If China telco deal doesn't pan out, PH to tap other telco players
MANILA, Philippines – If China or its choice telecommunication company China Telecom can't work with the limitations on business ownership in the Philippines' constitution, the government is open to tapping other companies to help set up the 3rd telco player in the country.
This was stated by Presidential Spokesman Harry Roque on Wednesday, January 3, during a Malacañang press briefing.
"If, for any reason this is not acceptable to China Telecom, then we have no choice. We gave China the option but if this is not acceptable to it, unfortunately we will have to look for other players because we will have to honor what the constitution provides," he said.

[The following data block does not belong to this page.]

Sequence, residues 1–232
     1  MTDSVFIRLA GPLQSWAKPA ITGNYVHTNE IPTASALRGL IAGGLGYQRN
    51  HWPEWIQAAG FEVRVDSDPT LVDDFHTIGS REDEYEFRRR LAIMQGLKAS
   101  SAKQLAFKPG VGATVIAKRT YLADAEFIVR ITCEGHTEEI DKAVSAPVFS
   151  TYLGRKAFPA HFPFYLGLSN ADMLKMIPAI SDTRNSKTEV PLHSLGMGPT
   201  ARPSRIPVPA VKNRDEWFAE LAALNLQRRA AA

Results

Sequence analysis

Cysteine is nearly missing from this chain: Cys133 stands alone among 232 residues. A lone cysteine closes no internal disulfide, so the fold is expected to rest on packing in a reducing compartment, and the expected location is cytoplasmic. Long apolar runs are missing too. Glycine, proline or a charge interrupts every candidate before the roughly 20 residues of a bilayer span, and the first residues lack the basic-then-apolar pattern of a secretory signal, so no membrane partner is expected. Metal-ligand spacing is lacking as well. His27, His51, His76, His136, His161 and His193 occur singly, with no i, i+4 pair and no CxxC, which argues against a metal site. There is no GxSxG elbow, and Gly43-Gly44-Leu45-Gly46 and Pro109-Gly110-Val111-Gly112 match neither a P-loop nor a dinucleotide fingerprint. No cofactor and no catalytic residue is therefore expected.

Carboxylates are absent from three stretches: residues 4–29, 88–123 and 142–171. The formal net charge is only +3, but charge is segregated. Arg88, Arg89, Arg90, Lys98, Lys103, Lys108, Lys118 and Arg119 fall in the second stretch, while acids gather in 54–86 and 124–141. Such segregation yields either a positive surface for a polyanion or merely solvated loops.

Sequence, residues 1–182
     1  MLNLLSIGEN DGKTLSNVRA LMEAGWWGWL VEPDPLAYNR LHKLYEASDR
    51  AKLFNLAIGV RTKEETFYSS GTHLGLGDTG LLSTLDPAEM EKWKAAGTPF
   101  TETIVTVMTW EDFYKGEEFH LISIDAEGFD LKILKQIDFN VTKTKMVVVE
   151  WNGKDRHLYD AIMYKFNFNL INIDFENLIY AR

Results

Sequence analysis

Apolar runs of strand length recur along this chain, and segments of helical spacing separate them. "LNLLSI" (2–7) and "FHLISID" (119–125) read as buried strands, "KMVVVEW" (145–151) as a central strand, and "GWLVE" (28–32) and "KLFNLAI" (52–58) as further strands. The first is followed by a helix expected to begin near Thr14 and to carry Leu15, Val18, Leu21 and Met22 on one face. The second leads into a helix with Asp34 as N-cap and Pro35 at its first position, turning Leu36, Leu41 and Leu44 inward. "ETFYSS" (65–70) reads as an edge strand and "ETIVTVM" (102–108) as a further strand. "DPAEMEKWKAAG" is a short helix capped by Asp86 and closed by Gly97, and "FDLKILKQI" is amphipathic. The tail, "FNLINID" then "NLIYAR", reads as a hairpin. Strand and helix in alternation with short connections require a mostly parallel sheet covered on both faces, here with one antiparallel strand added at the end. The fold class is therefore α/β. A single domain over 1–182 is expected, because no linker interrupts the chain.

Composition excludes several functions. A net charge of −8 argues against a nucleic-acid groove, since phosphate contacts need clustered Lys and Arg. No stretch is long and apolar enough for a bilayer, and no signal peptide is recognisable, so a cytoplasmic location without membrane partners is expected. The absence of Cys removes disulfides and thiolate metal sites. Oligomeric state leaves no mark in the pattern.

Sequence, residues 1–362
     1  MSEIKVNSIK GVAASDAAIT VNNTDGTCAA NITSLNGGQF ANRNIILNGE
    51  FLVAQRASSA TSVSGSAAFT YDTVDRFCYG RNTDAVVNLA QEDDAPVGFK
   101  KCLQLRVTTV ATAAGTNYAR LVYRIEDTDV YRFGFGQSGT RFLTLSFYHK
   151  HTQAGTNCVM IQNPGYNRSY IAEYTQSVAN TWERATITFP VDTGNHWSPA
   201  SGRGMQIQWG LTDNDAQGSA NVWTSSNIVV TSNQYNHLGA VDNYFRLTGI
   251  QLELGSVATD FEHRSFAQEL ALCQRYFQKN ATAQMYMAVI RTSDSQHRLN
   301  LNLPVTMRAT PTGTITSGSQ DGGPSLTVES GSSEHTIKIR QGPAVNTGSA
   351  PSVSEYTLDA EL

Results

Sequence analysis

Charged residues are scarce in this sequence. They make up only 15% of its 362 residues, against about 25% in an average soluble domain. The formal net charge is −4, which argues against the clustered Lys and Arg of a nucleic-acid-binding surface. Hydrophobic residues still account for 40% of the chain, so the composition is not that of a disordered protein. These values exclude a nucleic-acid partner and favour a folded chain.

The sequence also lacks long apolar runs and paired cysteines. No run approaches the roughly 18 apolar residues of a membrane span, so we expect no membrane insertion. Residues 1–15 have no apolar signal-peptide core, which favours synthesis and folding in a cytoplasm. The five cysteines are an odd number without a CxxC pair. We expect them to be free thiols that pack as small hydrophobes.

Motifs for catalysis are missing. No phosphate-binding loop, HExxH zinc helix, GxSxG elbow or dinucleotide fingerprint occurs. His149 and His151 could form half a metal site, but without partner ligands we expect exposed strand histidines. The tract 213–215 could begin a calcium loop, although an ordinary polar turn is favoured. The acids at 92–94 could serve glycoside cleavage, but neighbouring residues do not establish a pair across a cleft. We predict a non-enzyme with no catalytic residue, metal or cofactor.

The 1987 Constitution states that Filipinos must own 60% of a telecommunication company, with foreign ownership limited to 40%.
However, President Rodrigo Duterte, as early as the 2016 presidential campaign, has expressed openness to revising the constitutional requirements on foreign ownership and other economic provisions.
If China is unwilling to abide by the charter's requirements, the Philippine government will have "the option to offer it to other companies," said Roque.
But Duterte's spokesman emphasized that China Telecom has so far not expressed any concerns or aversion to the constitutional limitation.
"There are no indications that China Telecom does not want to push through with the project," said Roque.
Duterte wants China Telecom operating in the Philippines by the first quarter of 2018 and has given orders for all its applications and licenses to be approved within 7 days or else they are deemed approved.
The administration wants China to come in to quickly set up a 3rd telco player in order to break the duopoly in the critical industry formed by PLDT Inc and Globe Telecom, both of which were also set up with the help of foreign companies.
Duterte had made the offer to China to name the 3rd telco's foreign partner during a bilateral meeting with Chinese Premier Li Keqiang in November 2017. – Rappler.com